Clinical Testing Laboratory offers testing for insight on health and genetics

May 26, 2011 by Donyelle Kesler @NMSU

Each day, DNA samples from around the world are screened and tested at New Mexico State University in the Clinical Testing Laboratory in the Arrowhead Research Park.

The lab, a division of the General Genetics Corporation in partnership with NMSU, focuses on two tests: one to determine a person’s genetic predisposition for certain health disorders and another to predict the body’s ability to process the clot-preventative medication Plavix.

The Clinical Testing Laboratory in New Mexico State University's Arrowhead Research Park tests DNA to determine a person's genetic predisposition for certain health disorders and to predict the body's ability to process the clot-preventative medication Plavix.

The Clinical Testing Laboratory in New Mexico State University's Arrowhead Research Park tests DNA to determine a person's genetic predisposition for certain health disorders and to predict the body's ability to process the clot-preventative medication Plavix.

“The predisposition testing done here tests for 25 conditions, including Alzheimers, cancer and heart conditions,” said laboratory manager Dan Slowinski. “The Plavix screening can predict how the medication can help or not help depending on your DNA makeup.”

Physicians send patient samples to CTL for testing; DNA analysts in the lab test these samples and return the results in two or three days.

Recently, CTL started validating a genetic screening test for colorblindness through a partnership with Genevolve Vision Diagnostics Inc., an Albuquerque-based company that developed the first-ever genetic test for color vision deficiency. The company has formulated a cure for colorblindness through gene therapy that already has been successfully tested on primates. CTL will begin providing DNS testing for color vision once the test is validated within the lab.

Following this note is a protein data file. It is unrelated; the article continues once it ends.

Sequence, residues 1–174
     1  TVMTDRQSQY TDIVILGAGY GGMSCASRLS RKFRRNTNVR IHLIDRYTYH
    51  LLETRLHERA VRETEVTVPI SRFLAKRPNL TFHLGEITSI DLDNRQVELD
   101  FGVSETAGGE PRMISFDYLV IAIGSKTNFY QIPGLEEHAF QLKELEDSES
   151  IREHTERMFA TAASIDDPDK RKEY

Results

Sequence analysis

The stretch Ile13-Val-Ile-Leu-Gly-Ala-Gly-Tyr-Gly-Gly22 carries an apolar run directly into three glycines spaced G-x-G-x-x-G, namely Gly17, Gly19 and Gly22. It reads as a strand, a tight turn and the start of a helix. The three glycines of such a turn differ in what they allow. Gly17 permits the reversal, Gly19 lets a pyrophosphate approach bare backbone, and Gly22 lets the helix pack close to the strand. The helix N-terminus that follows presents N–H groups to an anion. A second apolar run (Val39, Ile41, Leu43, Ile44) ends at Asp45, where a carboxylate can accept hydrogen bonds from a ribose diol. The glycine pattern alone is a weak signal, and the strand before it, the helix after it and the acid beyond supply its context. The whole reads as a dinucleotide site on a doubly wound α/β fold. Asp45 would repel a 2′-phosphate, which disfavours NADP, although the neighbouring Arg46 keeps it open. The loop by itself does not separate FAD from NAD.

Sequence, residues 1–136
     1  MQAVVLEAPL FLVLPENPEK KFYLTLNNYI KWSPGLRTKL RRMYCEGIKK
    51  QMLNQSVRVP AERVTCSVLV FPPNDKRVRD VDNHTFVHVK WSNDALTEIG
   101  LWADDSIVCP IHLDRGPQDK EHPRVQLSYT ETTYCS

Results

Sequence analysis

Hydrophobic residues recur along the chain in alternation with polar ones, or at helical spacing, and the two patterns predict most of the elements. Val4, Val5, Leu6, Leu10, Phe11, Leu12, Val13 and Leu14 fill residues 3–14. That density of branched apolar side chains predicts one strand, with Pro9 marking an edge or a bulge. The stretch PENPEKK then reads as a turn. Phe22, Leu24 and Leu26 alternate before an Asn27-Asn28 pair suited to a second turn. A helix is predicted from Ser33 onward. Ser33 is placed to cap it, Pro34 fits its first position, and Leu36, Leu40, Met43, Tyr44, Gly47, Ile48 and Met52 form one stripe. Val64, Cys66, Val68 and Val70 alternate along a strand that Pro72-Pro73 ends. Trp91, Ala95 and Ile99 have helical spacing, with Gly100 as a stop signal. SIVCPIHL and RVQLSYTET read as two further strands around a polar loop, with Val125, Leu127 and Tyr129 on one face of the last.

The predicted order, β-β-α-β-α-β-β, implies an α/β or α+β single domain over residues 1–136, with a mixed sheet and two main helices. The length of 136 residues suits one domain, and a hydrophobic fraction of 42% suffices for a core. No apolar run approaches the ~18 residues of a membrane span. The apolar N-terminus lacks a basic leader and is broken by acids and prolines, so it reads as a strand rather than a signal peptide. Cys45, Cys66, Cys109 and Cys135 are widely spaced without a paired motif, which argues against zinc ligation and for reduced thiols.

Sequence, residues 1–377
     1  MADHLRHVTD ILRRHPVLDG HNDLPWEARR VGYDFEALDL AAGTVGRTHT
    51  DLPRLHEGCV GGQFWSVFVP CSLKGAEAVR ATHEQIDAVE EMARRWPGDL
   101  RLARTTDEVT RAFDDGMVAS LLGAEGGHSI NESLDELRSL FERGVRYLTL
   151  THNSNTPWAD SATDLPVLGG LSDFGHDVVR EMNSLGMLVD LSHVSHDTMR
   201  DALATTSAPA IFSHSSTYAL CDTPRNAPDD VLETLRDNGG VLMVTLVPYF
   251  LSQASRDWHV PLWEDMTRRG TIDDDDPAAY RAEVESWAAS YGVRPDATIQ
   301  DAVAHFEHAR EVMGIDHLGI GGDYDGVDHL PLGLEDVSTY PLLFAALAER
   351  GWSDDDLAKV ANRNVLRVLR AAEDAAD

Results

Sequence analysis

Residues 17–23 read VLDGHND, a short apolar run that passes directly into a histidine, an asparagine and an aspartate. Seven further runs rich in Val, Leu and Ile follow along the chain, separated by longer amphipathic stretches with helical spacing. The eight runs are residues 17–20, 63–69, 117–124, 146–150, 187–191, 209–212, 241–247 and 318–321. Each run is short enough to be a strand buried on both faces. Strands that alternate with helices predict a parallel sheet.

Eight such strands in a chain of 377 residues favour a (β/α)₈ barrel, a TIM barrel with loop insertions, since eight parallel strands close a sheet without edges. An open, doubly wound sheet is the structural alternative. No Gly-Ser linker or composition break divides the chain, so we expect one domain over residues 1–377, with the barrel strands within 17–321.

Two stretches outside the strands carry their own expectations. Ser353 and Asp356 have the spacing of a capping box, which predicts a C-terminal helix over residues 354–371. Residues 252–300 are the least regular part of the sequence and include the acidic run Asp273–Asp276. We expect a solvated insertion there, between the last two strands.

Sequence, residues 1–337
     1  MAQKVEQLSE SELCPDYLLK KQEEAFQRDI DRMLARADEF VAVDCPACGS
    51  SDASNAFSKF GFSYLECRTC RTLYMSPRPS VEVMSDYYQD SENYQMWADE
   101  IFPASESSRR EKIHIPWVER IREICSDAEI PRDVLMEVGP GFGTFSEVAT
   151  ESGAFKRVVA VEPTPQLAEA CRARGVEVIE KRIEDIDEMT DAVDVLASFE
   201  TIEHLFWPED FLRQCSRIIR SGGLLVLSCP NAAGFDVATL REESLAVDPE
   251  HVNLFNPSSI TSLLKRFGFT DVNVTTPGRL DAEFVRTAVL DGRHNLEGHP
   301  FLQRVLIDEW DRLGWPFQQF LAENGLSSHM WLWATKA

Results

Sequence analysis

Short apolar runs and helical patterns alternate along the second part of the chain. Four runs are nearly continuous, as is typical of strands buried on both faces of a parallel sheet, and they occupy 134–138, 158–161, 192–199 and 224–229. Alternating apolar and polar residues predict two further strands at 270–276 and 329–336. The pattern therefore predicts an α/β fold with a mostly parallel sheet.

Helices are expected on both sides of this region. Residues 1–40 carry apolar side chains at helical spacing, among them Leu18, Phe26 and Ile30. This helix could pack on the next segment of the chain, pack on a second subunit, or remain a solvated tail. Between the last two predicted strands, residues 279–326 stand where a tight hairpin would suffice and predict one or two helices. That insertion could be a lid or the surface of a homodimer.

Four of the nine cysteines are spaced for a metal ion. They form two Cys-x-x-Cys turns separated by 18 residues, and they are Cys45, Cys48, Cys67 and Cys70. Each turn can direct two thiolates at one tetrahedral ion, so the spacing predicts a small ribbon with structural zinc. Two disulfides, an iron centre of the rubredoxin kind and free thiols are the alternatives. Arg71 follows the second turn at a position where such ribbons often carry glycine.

“It’s an exciting opportunity to have partnered with Genevolve,” Slowinski said.

CTL employs scientists and scholars from around the country, including NMSU alumni and NMSU graduate students who intern in the testing lab. Undergraduate students work part-time in the lab’s office, helping with day-to-day operations from archiving to labeling.

“As of right now, I haven’t decided on a major for school, but working part-time for CTL has sparked an interest in being a lab analyst,” said Dona Ana Community College freshman Ruby Rivera.

“CTL is an independent, self-sustaining entity,” General Manager Stefan Long said. “The mission we had in mind when starting up was to offer job opportunities to graduating students.”

The CTL opened in 2009. Along with the Forensics Testing Laboratory, Genetic Testing Laboratory and Althea drug toxicology laboratory, CTL is part of a group of DNA and forensic testing businesses spun off from NMSU.


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